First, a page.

I was on my way home from work to the train this evening, when I encountered a gentleman out running. He was rounding the corner from Park Road onto the Ormeau Road in Belfast and nearly careened into a mother wheeling a double buggy.
He was forced to react at the last minute and adjust his line. However he made the fatal mistake of checking his watch and with his head down to the ground ran straight into a rubbish bin.
It was fucking hilarious. Top quality comedy. But I felt for him.
It got me to thinking that you can tell new runners easily by how they act when running.
Here are 8 behaviours and traits that are often exhibited by the new runner.
- Running fast past strangers to try to impress them with their athleticism only to stop and wheeze around the corner - They will commonly run very fast past complete strangers and then slow down again once they are around the corner. I used to do this all of the time. To try to impress old grannies.
- The lost runner with new legs - You will find them miles away from their home and original destination after being caught in a massive burst or euphoria that resulted in them running 5 miles extra than they’d planned. The only problem is that they are now out of fuel and have no means of getting home as they’d only planned on running for 20 minutes. They will search through their pockets for spare cash but will invariably walk home in slow agony.
- Running laps of parks - The new runner will typically progress from the treadmill into a pleasant and safe public area like a park. To get familiar with the act of running outdoors they will run laps of the same park and will be close to passing out from dizziness. It’s hard to say whether the new park lappers ever actually stop running around the park even at night. I wouldn’t be surprised if they utilised the GPS on their watches like moths use the Moon to flit their way through the night, only stopping momentarily to refuel on precious nectar.
- Being really accident prone - If you watch a runner for long enough and see them trip up on the ground, shake their fist at imaginary enemies, narrowly avoid running into pedestrians or just generally run awkwardly then the chances are that they’re a new runner (or just really fucking clumsy. )
- Indecisiveness when crossing the road – “Oh god, oh god, oh god! Should I cross now? No! Oh shit! Fuck!” - Roads are a nuisance when you’re new to running. Do you stop or do you storm across the road and hope for the best? You can spot new runners as they will stop by the road and then try to cross only to stop again. It’s a bad deal as I used to have terrible anxiety crossing roads. Most of the time I’d just close my eyes, sprint and hope for the best. Terrifying in retrospect. I never ever stopped when crossing the road. It seemed like cheating at the time.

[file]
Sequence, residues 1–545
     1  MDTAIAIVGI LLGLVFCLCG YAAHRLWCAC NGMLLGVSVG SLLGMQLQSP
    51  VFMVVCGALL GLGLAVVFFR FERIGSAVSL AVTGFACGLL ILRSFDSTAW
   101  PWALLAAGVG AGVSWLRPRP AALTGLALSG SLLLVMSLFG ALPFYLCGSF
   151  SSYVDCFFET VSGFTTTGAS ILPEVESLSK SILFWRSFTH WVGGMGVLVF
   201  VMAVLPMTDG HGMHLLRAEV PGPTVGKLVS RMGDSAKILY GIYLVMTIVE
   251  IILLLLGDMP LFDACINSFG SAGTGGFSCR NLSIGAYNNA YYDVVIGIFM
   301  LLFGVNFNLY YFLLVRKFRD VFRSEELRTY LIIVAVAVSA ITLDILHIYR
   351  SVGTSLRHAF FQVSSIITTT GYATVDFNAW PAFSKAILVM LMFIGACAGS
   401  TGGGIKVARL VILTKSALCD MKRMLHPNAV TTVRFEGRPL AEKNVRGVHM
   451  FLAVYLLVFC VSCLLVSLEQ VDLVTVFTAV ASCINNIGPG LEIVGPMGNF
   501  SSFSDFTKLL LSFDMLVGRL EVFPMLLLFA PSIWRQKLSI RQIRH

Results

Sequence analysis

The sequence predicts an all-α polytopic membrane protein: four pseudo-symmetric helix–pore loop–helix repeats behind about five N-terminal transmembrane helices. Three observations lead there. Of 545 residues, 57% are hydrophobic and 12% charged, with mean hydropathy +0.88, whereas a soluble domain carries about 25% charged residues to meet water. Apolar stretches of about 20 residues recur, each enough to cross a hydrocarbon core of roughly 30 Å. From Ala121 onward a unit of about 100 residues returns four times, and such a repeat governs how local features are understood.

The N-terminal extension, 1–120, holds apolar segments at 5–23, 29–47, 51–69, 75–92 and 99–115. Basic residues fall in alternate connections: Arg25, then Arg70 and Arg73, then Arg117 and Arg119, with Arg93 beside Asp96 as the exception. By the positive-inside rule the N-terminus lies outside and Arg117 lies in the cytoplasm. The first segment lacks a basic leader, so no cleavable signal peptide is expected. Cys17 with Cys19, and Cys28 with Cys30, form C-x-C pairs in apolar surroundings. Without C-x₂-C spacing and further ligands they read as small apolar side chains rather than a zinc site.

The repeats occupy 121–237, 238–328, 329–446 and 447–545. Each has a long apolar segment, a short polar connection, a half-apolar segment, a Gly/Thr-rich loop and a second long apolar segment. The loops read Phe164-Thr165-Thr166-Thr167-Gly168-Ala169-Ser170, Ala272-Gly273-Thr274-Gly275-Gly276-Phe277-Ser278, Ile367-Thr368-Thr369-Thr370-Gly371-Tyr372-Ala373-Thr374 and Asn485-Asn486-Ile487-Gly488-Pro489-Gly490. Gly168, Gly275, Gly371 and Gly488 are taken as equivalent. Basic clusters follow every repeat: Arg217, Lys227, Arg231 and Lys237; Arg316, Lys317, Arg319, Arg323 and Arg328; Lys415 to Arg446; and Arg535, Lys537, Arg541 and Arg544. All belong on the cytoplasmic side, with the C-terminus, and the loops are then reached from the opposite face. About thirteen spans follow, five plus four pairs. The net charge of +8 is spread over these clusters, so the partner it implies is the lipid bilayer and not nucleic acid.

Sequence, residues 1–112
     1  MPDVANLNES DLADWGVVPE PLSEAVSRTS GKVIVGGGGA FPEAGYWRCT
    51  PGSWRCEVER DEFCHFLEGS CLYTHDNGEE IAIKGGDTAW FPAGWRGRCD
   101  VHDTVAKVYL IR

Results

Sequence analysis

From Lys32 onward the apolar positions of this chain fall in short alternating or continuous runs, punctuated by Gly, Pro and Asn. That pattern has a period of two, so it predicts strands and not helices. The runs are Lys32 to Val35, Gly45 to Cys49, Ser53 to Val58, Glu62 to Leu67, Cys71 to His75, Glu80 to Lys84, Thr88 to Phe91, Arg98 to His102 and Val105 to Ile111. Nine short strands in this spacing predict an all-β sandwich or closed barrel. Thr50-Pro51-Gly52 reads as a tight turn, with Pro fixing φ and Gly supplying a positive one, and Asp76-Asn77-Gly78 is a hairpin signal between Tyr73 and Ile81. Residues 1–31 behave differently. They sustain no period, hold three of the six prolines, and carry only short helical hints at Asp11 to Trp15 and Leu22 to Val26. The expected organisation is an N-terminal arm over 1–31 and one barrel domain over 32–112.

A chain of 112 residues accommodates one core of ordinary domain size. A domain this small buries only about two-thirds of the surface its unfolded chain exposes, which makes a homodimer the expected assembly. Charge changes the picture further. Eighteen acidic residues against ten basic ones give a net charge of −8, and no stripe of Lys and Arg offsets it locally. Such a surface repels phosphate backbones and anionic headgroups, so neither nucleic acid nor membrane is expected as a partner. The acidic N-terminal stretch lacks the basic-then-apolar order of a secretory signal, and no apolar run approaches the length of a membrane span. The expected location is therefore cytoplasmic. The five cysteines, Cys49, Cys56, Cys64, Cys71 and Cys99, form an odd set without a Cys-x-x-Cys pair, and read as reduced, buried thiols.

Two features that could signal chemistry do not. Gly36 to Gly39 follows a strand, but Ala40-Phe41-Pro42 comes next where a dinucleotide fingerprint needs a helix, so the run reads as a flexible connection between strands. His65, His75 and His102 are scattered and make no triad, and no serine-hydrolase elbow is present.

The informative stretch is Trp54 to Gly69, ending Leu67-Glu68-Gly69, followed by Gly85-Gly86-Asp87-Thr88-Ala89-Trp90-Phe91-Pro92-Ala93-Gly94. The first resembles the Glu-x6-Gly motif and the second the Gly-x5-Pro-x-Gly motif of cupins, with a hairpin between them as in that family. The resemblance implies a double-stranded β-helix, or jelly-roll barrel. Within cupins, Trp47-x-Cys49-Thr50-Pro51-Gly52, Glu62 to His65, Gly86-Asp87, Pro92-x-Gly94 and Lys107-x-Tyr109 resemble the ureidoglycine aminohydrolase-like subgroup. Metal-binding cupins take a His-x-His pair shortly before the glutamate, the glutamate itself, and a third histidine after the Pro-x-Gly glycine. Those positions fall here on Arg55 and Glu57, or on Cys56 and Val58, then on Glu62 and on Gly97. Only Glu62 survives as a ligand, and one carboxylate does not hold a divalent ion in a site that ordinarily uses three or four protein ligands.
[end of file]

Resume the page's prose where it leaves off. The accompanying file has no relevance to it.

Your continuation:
- Constantly checking phone or watch whilst running - And thinking ‘What? I’ve only been running for 6 minutes? It feels like I’ve been running for fucking hours!’
- Staring into space in a state of shock with their arms on their hips - Like a child lost in a supermarket, you will often walk past this runner after they’ve exhausted any remaining energy and are burning up inside mentally too. It’s best not to approach the runner as they will be cranky and not appreciate your goodwill. Instead just nod at them sombrely as if they are an ancient ghost standing on a pavement of pain.
- Pure bright red runners - Most new runners burn red with a mixture of self hatred, embarrassment and wheezing. In my case my wheezing would trigger feelings of humiliation. Then the self hatred would naturally follow for allowing myself to get this out of shape in the first place.
I’d like to thank the gentleman tonight for running into the bin. Without your act of selflessness I would not have had any material for a post.
by Matt the Angry Jogger
Angry Jogger loves running to lose and maintain his weight. He started running as an obese man and is now only overweight at 200lbs. He started off at 280lbs.